Moore, F. A., Nelson, T., McKinley, B. A., Moore, E. E., Nathens, A. B., Rhee, P., Puyana, J. C., Beilman, G. J., & Cohn, S. M. (2008). Massive transfusion in trauma patients: tissue hemoglobin oxygen saturation predicts poor outcome. The Journal of Trauma, 64(4), 1010-23. https://doi.org/10.1097/TA.0b013e31816a2417
Moore FA, et al. Massive Transfusion in Trauma Patients: Tissue Hemoglobin Oxygen Saturation Predicts Poor Outcome. J Trauma. 2008;64(4):1010-23. PubMed PMID: 18404069.
* Article titles in AMA citation format should be in sentence-case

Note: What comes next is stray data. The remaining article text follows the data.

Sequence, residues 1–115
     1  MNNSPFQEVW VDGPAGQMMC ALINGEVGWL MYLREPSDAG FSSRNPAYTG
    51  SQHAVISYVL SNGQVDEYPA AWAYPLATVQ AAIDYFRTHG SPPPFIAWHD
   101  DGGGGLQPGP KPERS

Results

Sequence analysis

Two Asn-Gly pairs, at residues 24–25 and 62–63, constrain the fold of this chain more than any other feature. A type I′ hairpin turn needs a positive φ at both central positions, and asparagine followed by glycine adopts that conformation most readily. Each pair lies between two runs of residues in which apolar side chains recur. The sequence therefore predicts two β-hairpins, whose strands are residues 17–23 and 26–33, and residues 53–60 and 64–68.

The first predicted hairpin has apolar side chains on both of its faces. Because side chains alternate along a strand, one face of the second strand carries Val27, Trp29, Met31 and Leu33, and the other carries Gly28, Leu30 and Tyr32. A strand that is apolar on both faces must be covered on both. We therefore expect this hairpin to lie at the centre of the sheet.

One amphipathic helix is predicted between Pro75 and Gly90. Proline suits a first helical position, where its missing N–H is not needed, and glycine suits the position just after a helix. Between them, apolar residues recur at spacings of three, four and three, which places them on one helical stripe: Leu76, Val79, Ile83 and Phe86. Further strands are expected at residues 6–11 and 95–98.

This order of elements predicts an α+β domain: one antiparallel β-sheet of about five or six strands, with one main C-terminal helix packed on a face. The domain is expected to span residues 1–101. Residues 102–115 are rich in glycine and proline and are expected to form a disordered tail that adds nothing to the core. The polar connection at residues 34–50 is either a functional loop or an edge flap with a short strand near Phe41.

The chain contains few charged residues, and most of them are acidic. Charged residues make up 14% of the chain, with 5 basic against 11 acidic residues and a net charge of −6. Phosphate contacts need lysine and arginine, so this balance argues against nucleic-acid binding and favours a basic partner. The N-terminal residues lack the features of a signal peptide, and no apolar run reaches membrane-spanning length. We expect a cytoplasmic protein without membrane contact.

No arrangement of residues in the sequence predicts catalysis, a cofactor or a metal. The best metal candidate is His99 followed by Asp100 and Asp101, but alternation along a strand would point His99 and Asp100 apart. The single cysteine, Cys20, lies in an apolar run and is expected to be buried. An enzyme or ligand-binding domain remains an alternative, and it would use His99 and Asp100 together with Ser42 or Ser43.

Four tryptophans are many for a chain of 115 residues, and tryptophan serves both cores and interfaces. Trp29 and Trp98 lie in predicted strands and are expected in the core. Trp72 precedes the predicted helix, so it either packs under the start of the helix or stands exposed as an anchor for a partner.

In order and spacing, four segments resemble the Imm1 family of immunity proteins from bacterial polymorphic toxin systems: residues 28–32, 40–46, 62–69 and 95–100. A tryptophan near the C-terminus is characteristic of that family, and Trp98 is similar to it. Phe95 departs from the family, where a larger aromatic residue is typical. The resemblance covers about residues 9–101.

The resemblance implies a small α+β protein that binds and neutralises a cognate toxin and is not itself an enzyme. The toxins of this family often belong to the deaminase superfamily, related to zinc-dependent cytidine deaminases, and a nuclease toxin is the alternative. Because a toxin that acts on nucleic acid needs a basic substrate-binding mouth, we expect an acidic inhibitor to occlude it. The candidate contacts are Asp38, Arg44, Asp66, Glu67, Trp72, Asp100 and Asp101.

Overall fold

TY - JOUR T1 - Massive transfusion in trauma patients: tissue hemoglobin oxygen saturation predicts poor outcome. AU - Moore,Frederick A, AU - Nelson,Teresa, AU - McKinley,Bruce A, AU - Moore,Ernest E, AU - Nathens,Avery B, AU - Rhee,Peter, AU - Puyana,Juan Carlos, AU - Beilman,Gregory J, AU - Cohn,Stephen M, AU - ,, PY - 2008/4/12/pubmed PY - 2008/5/1/medline PY - 2008/4/12/entrez SP - 1010 EP - 23 JF - The Journal of trauma JO - J Trauma VL - 64 IS - 4 N2 - BACKGROUND: Severely bleeding trauma patients requiring massive transfusion (MT) often experience poor outcomes. Our purpose was to determine the potential role of near infrared spectrometry derived tissue hemoglobin oxygen saturation (StO2) monitoring in early prediction of MT, and in the identification of those MT patients who will have poor outcomes. METHODS: Data from a prospective multi-institution StO2 monitoring study were analyzed to determine the current epidemiology of MT (defined as transfusion volume >/=10 units packed red blood cells in 24 hours of hospitalization). Multivariate logistic regression was used to develop prediction models. RESULTS: Seven US level I trauma centers (TC) enrolled 383 patients. 114 (30%) required MT. MT progressed rapidly (40% exceeded MT threshold 2 hours after TC arrival, 80% after 6 hours). One third of MT patients died. Two thirds of deaths were due to early exsanguination and two thirds of early exsanguination patients died within 6 hours. One third of the early MT survivors developed multiple organ dysfunction syndrome. MT could be predicted with standard, readily available clinical data within 30 minutes and 60 minutes of TC arrival (area under the receiver operating characteristic curve = 0.78 and 0.80). In patients who required MT, StO2 was the only consistent predictor of poor outcome (multiple organ dysfunction syndrome or death). CONCLUSION: MT progresses rapidly to significant morbidity and mortality despite level I TC care. Patients who require MT can be predicted early, and persistent low StO2 identifies those MT patients destined to have poor outcome. The ultimate goal is to identify these high risk patients as early as possible to test new strategies to improve outcome. Further validation studies are needed to analyze appropriate allocation and study appropriate use of damage control interventions. SN - 1529-8809 UR - https://www.unboundmedicine.com/medline/citation/18404069/Massive_transfusion_in_trauma_patients:_tissue_hemoglobin_oxygen_saturation_predicts_poor_outcome_ L2 - https://doi.org/10.1097/TA.0b013e31816a2417 DB - PRIME DP - Unbound Medicine ER -